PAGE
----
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Forget Tiger Moms. Now China's 'Chicken Blood' Parents Are Pushing Kids To Succeed

作者:Emily Feng 发布日期:9-7-2021

STEVE INSKEEP, HOST:

We have a story now that brings to mind so-called tiger parents. That phrase came from a memoir called "Battle Hymn Of The Tiger Mother," whose author, Amy Chua, promoted what was considered a Chinese American style of aggressively pushing kids forward to succeed. Now, in China, some people talk of chicken blood parenting. NPR's Beijing correspondent Emily Feng reports on what it is.

EMILY FENG, BYLINE: Rainy Li wakes up at 6:00 a.m. every morning to send her two daughters to school. It's the start of a long day.

RAINY LI: (Through interpreter) After school finishes at 3:00 p.m., my oldest daughter goes straight to dance practice. I pick her up at 5:30 because she has an online math class at 6:00, which she completes on the drive home. Then she has swim practice.

FENG: Finally, at 11 p.m., Ms. Li says she can relax and spend some time with her husband. She's what you call a jiwa, or chicken parent in Chinese - like a hen mothering her brood of chicks. The name jiwa actually comes from a fringe Chinese medicine treatment where you pump someone with chicken blood for extra energy. Now, the term's used to describe hyperactive, aggressive parenting.

AUDREY WANG: (Through interpreter) We all wish for our children to attend a good university, and we hope that our children will discover and develop their true interests.

FENG: That's Audrey Wang. She affiliates with a rival style of parenting - the foxi, or Buddhist style, which is more relaxed and holistic. But she admits she pushes her daughter hard.

WANG: (Through interpreter) I don't think my children are as good as I was when I was a kid. They just don't possess the competitiveness and willingness to struggle.

FENG: In Beijing, jiwa parenting is so common there are even geographical clicks. For example, parents living in the city's university district of Haidian are known to be the most fierce, micromanaging their children's schedules into 15-minute increments.

WANG: (Through interpreter) Haidian parents are so test-oriented, they care very little whether their children enjoy what they do. We sort of look down on them. But in the East District here, we practice more of a Buddhist style.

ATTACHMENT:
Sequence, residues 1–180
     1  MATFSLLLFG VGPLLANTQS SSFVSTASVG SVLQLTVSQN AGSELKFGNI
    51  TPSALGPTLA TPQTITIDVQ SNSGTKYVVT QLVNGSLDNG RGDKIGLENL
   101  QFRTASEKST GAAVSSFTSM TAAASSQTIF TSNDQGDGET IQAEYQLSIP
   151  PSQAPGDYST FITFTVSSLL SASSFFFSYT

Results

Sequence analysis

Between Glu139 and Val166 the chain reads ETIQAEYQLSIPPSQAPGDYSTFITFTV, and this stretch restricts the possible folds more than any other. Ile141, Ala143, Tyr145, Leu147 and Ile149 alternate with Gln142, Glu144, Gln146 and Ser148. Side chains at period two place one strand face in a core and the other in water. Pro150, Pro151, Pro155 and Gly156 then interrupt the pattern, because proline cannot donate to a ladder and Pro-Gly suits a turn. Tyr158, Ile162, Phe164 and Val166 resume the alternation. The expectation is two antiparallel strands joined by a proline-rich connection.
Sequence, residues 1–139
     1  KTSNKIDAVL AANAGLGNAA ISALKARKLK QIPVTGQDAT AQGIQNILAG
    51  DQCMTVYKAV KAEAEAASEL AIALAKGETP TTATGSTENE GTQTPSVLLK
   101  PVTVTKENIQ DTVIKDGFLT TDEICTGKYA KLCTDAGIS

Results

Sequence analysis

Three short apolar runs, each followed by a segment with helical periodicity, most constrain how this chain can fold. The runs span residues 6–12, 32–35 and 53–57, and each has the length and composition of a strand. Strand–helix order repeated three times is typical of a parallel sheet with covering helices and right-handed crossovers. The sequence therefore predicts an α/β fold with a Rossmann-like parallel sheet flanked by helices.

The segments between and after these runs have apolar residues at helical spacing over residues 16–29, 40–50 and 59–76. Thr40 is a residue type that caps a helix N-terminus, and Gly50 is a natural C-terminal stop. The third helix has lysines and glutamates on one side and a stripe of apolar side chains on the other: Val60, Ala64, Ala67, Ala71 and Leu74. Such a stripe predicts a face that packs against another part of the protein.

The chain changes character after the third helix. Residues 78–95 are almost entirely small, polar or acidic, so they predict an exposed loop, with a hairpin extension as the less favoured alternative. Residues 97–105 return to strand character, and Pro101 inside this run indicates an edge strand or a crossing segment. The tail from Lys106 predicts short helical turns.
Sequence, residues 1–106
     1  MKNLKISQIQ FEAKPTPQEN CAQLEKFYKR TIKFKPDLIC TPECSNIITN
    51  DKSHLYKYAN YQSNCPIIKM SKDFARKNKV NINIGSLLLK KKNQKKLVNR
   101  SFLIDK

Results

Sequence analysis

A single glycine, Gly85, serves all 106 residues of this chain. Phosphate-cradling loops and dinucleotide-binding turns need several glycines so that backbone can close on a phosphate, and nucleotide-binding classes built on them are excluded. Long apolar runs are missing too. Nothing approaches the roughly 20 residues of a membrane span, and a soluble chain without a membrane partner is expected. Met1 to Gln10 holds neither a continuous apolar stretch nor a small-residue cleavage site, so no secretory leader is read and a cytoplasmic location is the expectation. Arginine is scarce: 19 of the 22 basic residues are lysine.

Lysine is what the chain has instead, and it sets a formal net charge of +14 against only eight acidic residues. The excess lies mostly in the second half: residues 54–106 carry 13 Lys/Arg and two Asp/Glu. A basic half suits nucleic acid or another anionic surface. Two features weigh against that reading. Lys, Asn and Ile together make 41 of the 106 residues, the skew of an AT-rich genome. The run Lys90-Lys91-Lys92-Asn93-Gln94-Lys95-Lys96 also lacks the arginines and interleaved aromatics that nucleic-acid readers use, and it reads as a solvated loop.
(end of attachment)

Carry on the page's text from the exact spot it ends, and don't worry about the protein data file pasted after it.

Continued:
FENG: Some jiwa parents are wealthy, but most come from humble backgrounds and worked hard as China's economy boomed. Now they want to give their children every advantage possible, especially as China's once-communist society gives way to an increasingly unequal one.

LIXIN REN: Every time when I hear the word jiwa, I feel a very strong sense of anxiety, stress, fear and exhaustion. I feel that if I don't, like, move forward, I will fall behind.

FENG: That's psychologist Ren Lixin, who has studied the jiwa phenomenon.

LIXIN: The term jiwa implies that parents assume this role of paving the road for children's success.

FENG: Jiwa parenting has spawned a cottage industry of billion-dollar education companies which provide afterschool tutoring and cram classes. Jiwa parents have also published bestselling books. Xiaohua teaches English by filming videos for jiwa parents and their children. And she says one of the harder parts of her job is calming families down.

XIAOHUA JUAN: That is not very easy task. Because you know how passionate, let's say, some Chinese parents can be. So they're always asking me, oh, my kids have been listening to me - to my stories for a week. When can she speak?

FENG: And while jiwa culture might be the most commercially developed in China, it's not unique. Xuan Li, a parenting psychologist at NYU Shanghai, notes widening social inequality globally is linked to education competition.

XUAN LI: You don't want your child to, in any case, fall into the abyss of poverty or lifetime adversity. You want them to at least survive and thrive well. But a highly unequal society does not afford that.

FENG: Chinese policymakers are trying to dial down the most extreme facets of chicken blood parenting. They want families to have more children and raise more future Chinese workers. But parents complain the social pressure of jiwa culture means raising more than one child can lead to parental burnout. That's what Audrey, the more foxi, or relaxed, parent already feels.

WANG: (Through interpreter) We just physically are not able to expend the same amount of energy on our Daughter No. 2. I can only make sure she's at home and has food to eat.

FENG: Regulators in China have already taken serious steps to curb jiwa parenting. New rules implemented in July strictly limit the cost and number of after-school classes parents can sign up for. Public schools are being forced to actually teach during the day. They can no longer foist their students into classes after school, which their parents have to pay for. But Rainy Li says the most wealthy jiwa parents will always find a workaround.

R LI: (Through interpreter) Because through this policy, they are even more convinced of the potential for social immobility. They are even more eager to propel their kids into the elite circles. They're willing to cut back on their own spendings in order to invest in their children.

FENG: In fact, now that some after school classes are banned, Rainy Li says the best teachers at her local public school have already approached her for one-on-one tutoring, under the radar, for $300 an hour. And of course, there will be parents willing to pay.

Emily Feng, NPR News, Beijing.

(SOUNDBITE OF RRAREBEAR'S "BACKPACK")

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